World Heritage Centre has extended heritage listed boundary by more than 170,000 hectares
- guardian.co.uk, Sunday 23 June 2013 20.56 EDT
Almost 200,000 hectares of Tasmania’s old growth forest have been world heritage listed, bringing hope that a three-decade fight between environmentalists, politicians and loggers is over.
The World Heritage Committee has extended the heritage listed boundary of the Tasmanian Wilderness World Heritage Area by more than 170,000 hectares after accepting a proposal from the Australian government which will give the areas the highest level of environmental protection in the world.
The old growth forest areas now added to the heritage listing are in the Upper Florentine as well as within the Styx, Huon, Picton and Counsel River Valley.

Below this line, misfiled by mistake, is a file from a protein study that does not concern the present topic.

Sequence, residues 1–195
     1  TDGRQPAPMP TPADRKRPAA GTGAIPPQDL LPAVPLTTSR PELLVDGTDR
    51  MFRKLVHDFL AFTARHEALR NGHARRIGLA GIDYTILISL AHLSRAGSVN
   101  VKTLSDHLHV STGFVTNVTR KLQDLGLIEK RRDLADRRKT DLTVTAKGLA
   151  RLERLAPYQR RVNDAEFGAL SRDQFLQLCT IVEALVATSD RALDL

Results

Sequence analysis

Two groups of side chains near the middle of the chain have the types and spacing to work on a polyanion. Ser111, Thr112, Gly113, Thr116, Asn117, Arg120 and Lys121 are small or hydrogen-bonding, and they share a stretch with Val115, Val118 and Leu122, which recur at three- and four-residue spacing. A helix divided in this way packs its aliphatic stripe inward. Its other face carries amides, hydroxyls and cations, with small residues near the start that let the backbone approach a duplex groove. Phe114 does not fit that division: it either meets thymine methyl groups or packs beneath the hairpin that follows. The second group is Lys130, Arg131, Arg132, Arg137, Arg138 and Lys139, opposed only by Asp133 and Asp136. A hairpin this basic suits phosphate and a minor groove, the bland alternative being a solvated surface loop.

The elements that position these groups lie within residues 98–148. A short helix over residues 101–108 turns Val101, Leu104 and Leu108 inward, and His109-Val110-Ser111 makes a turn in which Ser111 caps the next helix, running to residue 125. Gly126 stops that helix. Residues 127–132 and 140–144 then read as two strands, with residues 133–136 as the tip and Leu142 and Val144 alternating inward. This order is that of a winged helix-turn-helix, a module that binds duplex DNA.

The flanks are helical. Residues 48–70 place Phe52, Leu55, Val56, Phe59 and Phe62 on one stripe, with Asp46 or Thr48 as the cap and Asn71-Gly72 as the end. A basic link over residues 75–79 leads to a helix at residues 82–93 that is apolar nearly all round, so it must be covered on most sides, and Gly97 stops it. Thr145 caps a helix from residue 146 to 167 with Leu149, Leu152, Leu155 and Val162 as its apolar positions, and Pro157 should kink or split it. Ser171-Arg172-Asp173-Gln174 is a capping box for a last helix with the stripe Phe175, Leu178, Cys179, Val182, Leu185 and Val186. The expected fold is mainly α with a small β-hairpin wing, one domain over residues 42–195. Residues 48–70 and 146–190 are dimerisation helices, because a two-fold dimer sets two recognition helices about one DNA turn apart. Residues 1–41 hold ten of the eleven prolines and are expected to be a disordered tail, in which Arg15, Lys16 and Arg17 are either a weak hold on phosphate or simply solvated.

Logging will continue in the forest in areas Environment Minister Tony Burke described as “less contentious”.
The proposal the government put to the World Heritage Committee was the work of people within the forestry industry as well as environmentalists, including Miranda Gibson who famously spent 457 days living in a tree in the old growth forest in a campaign for extended environmental protection.
Speaking from Hobart where she had watched a livestream of the World Heritage Committee handing down the decision, Gibson said she was thrilled and had contemplated returning to the tree if she was unhappy with the decision.
“It’s good to know I don’t have to go back to the tree unless I want to visit,” she said.
“The hardest part [of living in the tree] was not knowing how long I would be up there or if the loggers would come and log around me.
“It was obviously also very isolating.”
Gibson started living at the top of the 60 metre eucalypt tree in December 2011 and was driven out by bushfires in March this year. By then the proposed extended areas for world heritage listing had been granted temporary protection.
She decided to campaign from the ground until the committee handed down their official decision.